Commentary

What to watch for at UFC 90

Patrick "The Predator" Cote isn't showing up for just a paycheck when he enters the cage at UFC 90. The middleweight contender would like nothing more than to upend heavily favored Anderson Silva when they meet on Saturday.

Originally Published: October 23, 2008
By Michael Woods | Special to ESPN.com

The UFC invades Chicago on Saturday with Anderson Silva, the sport's top pound-for-pound practitioner, headlining the event. Here are some talking points on UFC 90.

1. Weight and see

Flip-flopping between weight classes is seen as a potential career killer in the fight game, as the wear and tear on the body while an athlete goes from mega to mini, or micro to maxi, can lead to losses of energy and muscle (and just plain losses).

We'll see how 33-year-old Anderson Silva (22-4) handles the flop back to middleweight after his most successful foray into the light heavyweight class. Silva showed that he brought his power with him up north when he handed James Irvin a first-round knockout loss on July 19.

Will the force in his fists come back down with him, when he has to cut from 206 to the 185-pound class to face Canadian Patrick "The Predator" Cote (14-4)?

Best guess is yes; Silva's lightning-quick hands shouldn't be affected by his division hopping. Silva's manager, Ed Soares, says his guy has little trouble slicing off the excess when he needs to hit 185.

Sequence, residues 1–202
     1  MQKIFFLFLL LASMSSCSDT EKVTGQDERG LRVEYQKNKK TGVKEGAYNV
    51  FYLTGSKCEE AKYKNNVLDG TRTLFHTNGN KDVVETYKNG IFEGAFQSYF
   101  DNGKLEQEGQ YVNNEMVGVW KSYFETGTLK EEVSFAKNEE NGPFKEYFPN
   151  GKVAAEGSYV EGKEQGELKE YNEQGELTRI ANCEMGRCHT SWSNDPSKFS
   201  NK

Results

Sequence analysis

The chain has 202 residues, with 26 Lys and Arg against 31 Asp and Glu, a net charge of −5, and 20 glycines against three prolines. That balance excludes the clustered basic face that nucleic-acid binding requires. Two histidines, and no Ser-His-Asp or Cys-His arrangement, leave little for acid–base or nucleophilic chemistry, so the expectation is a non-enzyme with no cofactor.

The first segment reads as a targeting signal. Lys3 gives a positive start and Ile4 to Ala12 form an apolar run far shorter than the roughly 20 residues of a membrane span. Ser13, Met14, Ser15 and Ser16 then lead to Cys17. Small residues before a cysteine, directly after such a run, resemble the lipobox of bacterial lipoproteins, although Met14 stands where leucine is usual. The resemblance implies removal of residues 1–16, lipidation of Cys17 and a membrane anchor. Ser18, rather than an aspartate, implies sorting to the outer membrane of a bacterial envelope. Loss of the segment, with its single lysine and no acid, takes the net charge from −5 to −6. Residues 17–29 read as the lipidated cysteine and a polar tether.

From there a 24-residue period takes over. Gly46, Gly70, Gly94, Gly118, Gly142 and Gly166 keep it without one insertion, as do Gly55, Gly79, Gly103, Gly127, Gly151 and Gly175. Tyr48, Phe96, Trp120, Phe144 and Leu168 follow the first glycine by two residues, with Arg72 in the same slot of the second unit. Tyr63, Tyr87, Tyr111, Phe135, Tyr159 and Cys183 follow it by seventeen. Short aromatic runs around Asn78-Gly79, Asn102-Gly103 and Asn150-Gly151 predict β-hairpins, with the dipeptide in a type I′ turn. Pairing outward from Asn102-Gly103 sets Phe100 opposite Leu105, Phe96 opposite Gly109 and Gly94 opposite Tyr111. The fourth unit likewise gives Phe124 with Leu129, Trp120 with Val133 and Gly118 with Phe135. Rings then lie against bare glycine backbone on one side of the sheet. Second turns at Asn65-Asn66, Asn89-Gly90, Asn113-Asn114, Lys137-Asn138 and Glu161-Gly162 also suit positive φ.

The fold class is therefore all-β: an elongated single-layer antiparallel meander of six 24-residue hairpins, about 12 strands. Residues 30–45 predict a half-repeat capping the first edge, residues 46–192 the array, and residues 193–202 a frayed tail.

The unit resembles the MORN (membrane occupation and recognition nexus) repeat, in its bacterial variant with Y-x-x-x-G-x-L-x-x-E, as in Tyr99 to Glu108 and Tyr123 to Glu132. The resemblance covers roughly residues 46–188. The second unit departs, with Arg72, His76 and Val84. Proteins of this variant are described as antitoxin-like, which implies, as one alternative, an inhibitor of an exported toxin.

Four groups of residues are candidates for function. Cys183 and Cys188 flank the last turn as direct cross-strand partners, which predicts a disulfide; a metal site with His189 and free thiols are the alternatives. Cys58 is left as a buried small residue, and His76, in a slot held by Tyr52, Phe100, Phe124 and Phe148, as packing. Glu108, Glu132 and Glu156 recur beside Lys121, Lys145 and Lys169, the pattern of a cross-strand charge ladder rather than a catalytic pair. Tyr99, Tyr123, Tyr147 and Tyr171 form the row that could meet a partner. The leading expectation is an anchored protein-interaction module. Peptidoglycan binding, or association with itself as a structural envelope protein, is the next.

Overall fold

"He [Silva] walks around at 220 when he's not in camp," Soares said. "He cuts weight pretty easily; it's just cutting back on the carbs and going to camp a little bit earlier."

Soares makes it sound so easy, and that's no surprise, as Silva makes it all look effortless, doesn't he?

2. Minute man

The smart money is rolling in on Silva, and why not? He took 61 seconds to demolish Irvin in July.

But the 28-year-old Cote will not likely get steamrolled in such fashion in Chicago; he owns solid kickboxing skills and his chin endured solid whacks in a loss at UFC 50 (against Tito Ortiz in October 2004) and against Chris Leben in August 2005. He's a smart, sometimes too cautious fighter, so he won't be pulling an Irvin and getting stopped before people come back from the concession stand with their hot dogs.

But a cautious approach won't get the job done against Silva, whose last clear-cut defeat came in 2004 to Ryo Chonan via a flying heel hook. It'll take that sort of technical wizardry to give Silva his first UFC blemish.

Still, Cote's ace cornerman, Boston Muay Thai sensei Mark DellaGrotte, gives Cote a solid chance at pulling the upset.

"In camp, he keeps saying he's going to 'pull a Matt Serra,' an upset," DellaGrotte said. "He's going to make it an ugly fight and he's not intimidated, like some of Silva's opponents have been coming in [versus Silva]."

3. Squash the injury bug

There are three days until UFC 90 unfurls, and UFC honchos are hoping that no other fights come apart because of injuries.

Goran Reljic had to pull out of his match with 13-1 Thales Leites two weeks before Saturday's event after he hurt his back. Diego Sanchez, set to face Thiago Alves (15-3), pulled out with a busted rib soon after.